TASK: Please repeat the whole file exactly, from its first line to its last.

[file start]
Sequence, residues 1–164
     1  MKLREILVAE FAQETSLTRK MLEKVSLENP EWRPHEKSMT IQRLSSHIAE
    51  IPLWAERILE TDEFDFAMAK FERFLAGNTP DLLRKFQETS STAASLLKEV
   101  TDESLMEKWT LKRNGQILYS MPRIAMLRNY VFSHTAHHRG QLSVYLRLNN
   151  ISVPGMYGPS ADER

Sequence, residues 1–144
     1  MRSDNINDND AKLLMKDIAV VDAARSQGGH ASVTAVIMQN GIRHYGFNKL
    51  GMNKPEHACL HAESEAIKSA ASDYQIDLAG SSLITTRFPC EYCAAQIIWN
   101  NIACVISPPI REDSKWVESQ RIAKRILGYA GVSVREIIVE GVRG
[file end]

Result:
Sequence, residues 1–164
     1  MKLREILVAE FAQETSLTRK MLEKVSLENP EWRPHEKSMT IQRLSSHIAE
    51  IPLWAERILE TDEFDFAMAK FERFLAGNTP DLLRKFQETS STAASLLKEV
   101  TDESLMEKWT LKRNGQILYS MPRIAMLRNY VFSHTAHHRG QLSVYLRLNN
   151  ISVPGMYGPS ADER

Sequence, residues 1–144
     1  MRSDNINDND AKLLMKDIAV VDAARSQGGH ASVTAVIMQN GIRHYGFNKL
    51  GMNKPEHACL HAESEAIKSA ASDYQIDLAG SSLITTRFPC EYCAAQIIWN
   101  NIACVISPPI REDSKWVESQ RIAKRILGYA GVSVREIIVE GVRG